by Jennifer Grady, Esq.
On April 21, 2022, the United States announced a key step toward fulfilling President Biden’s commitment to welcome Ukrainians fleeing Russia’s invasion. "Uniting for Ukraine" provides a pathway for Ukrainian citizens and their immediate family members who are outside the United States to come to the United States and stay temporarily in a two-year period of parole (not a visa). Ukrainians participating in Uniting for Ukraine must have a supporter in the United States who agrees to provide them with financial support for the duration of their stay in the United States.
The first step in the Uniting for Ukraine process is for the U.S.-based supporter to file a declaration of financial support with USCIS. The U.S. government will then vet the supporter to ensure that they are able to financially support the individual whom they agree to support.
This process enables approved Ukrainians to travel to the United States, be considered for parole for a period of up to 2 years, and be eligible to apply for employment authorization while in the United States. The United States strongly encourages Ukrainians in Europe who seek to travel to the United States to complete the request from Europe. Ukrainians who present at U.S. land ports of entry without a valid visa or without pre-authorization to travel to the United States through Uniting for Ukraine may be denied entry and referred to apply through this process.
WHO IS ELIGIBLE?
The Ukrainian citizen (or their non-Ukrainian immediate family member) who is outside the United States and who may be considered for parole under Uniting for Ukraine is the "Beneficiary."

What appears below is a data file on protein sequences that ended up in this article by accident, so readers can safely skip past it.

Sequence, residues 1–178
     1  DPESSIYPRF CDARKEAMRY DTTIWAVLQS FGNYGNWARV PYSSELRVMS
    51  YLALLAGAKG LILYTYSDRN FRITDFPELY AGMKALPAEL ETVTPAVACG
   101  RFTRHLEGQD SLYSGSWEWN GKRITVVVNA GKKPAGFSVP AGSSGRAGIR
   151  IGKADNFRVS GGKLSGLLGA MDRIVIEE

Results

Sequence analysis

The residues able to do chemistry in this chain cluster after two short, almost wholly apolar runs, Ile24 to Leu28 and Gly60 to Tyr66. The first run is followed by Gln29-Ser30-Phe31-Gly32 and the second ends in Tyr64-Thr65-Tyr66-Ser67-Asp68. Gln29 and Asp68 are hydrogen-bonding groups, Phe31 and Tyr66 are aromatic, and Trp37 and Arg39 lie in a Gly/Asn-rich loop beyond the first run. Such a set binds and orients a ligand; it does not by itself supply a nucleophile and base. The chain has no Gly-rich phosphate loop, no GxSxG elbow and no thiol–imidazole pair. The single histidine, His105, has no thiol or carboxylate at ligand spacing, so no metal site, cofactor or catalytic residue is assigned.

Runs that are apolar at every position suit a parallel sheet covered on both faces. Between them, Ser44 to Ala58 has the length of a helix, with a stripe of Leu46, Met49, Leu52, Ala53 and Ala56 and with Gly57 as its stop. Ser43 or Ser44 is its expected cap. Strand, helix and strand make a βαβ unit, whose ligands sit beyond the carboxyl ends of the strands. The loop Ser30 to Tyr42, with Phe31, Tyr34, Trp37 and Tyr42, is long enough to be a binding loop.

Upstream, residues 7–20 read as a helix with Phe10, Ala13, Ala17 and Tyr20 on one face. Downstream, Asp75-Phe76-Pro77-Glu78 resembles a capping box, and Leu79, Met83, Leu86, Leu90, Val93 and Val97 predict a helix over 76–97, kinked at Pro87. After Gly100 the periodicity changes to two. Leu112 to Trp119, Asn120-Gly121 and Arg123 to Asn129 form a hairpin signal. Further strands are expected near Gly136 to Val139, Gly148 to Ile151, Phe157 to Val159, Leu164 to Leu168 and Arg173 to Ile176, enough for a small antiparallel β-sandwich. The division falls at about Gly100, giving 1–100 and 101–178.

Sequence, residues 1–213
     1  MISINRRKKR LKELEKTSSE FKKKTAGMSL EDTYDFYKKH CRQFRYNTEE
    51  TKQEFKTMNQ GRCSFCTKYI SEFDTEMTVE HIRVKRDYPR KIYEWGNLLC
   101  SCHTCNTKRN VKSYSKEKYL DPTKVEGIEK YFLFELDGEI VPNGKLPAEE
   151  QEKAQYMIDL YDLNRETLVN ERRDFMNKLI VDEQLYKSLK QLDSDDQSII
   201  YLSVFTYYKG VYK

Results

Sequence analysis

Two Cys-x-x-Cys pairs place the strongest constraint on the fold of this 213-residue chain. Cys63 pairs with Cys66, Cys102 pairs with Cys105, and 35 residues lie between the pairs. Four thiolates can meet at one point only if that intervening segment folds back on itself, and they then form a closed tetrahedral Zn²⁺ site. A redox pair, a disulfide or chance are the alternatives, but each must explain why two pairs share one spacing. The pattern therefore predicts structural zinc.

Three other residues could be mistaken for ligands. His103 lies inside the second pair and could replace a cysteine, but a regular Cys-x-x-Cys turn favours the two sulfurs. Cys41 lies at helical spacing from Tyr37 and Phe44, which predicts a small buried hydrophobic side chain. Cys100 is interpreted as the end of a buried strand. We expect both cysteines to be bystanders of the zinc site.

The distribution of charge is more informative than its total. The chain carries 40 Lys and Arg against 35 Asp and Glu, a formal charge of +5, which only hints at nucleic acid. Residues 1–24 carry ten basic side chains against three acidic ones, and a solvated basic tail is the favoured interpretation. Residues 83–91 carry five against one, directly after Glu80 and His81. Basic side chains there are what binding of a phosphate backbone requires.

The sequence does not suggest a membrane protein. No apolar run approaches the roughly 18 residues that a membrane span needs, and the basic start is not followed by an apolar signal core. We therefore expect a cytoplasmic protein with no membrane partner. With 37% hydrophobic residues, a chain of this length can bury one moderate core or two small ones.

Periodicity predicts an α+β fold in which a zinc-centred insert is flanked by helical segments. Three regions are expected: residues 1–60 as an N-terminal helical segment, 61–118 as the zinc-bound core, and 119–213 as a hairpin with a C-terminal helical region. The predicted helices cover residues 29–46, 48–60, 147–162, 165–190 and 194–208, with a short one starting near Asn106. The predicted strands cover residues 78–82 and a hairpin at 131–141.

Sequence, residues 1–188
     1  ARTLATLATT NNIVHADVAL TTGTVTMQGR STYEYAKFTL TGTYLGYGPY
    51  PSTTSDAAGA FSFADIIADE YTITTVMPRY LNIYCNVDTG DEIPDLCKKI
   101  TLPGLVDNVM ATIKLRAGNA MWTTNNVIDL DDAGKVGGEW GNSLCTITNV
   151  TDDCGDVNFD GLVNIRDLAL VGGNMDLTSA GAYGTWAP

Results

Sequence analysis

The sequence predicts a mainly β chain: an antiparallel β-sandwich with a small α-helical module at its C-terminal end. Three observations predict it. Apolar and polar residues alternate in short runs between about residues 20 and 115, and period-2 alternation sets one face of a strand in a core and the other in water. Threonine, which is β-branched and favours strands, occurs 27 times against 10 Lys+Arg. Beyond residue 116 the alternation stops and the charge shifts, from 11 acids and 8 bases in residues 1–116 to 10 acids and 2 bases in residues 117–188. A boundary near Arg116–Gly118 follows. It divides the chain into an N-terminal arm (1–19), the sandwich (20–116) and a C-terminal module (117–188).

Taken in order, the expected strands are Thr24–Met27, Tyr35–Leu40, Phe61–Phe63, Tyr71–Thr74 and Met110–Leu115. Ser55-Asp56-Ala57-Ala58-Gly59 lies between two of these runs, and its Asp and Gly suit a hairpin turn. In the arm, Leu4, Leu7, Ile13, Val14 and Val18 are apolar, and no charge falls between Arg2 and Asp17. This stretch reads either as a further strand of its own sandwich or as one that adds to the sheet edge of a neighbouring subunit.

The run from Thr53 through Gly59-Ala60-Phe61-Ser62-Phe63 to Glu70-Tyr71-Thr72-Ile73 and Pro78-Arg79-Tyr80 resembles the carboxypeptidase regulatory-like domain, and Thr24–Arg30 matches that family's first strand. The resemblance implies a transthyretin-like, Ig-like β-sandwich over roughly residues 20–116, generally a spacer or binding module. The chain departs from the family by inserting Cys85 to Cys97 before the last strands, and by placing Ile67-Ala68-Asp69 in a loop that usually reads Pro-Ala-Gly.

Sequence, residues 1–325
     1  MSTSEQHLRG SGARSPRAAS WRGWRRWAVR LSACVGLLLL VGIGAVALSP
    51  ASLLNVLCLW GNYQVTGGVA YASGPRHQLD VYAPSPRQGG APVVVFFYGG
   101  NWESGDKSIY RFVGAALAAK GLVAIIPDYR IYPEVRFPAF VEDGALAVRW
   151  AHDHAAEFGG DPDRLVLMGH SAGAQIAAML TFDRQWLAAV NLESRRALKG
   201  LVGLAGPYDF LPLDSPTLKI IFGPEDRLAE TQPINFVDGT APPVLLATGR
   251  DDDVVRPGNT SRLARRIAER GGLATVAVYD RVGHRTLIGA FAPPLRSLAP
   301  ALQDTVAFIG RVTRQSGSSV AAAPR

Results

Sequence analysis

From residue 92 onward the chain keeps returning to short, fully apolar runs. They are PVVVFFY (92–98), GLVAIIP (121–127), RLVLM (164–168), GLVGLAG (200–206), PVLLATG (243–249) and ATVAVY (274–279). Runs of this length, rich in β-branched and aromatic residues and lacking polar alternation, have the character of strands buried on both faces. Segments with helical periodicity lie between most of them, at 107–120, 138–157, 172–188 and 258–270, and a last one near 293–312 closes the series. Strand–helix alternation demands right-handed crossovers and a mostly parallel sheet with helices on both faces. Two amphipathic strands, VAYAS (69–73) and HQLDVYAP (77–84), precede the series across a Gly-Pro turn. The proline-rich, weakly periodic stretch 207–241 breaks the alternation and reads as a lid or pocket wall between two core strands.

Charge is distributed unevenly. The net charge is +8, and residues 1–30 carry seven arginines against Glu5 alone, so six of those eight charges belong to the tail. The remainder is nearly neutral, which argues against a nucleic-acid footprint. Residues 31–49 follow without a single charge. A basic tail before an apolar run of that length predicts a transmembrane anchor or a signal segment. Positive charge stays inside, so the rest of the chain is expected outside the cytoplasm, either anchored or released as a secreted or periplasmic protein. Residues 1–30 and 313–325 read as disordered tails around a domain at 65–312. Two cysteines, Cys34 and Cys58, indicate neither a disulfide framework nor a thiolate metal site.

Immediate family members in this process include:
The spouse or common-law partner of a Ukrainian citizen; and
Their unmarried children under the age of 21.
NOTE: If a child is under 18, they must be traveling with a parent or legal guardian in order to use this process.
Who Can Be a Financial Sponsor?
An individual who holds lawful status in the United States or is a parolee or beneficiary of deferred action or Deferred Enforced Departure (DED) who has passed security and background vetting and demonstrated sufficient financial resources to receive, maintain, and supports the individuals whom they commit to support for the duration of their stay in the United States.
Examples of individuals who meet the supporter requirement include:
U.S. citizens and nationals;
Lawful permanent residents, lawful temporary residents, and conditional permanent residents;
Nonimmigrants in lawful status (that is, who maintain the nonimmigrant status and have not violated any of the terms or conditions of the nonimmigrant status);
Asylees, refugees, and parolees;
TPS holders; and
Beneficiaries of deferred action (including DACA) or Deferred Enforced Departure.
Beneficiaries are eligible for the process if they:
Resided in Ukraine immediately before the Russian invasion (through Feb. 11, 2022) and were displaced as a result of the invasion;
Are a Ukrainian citizen and possess a valid Ukrainian passport (or are a child included on a parent’s passport);
If not a Ukrainian citizen, they must be an immediate family member of a Ukrainian citizen beneficiary of Uniting for Ukraine with a valid passport;
Have a supporter who filed a Form I-134 on their behalf that USCIS has vetted and confirmed as sufficient; and
Clear biographic and biometric security checks;
Note: To be eligible for this process, children under the age of 18 must be traveling to the United States in the care and custody of their parent or legal guardian.
The supporter must complete and file a declaration of support with USCIS and be vetted by the U.S. government to protect against exploitation and abuse, and ensure that they are able to financially support the Ukrainians they are agreeing to support.
Who Is Not Eligible for Parole Under Uniting for Ukraine?
Ukrainian citizens who are already present in the United States will not be considered for parole under Uniting for Ukraine. However, Ukrainian citizens present in the United States may be eligible for Temporary Protected Status (TPS). For more information, please see our Temporary Protected Status for Ukrainians in the United States blog.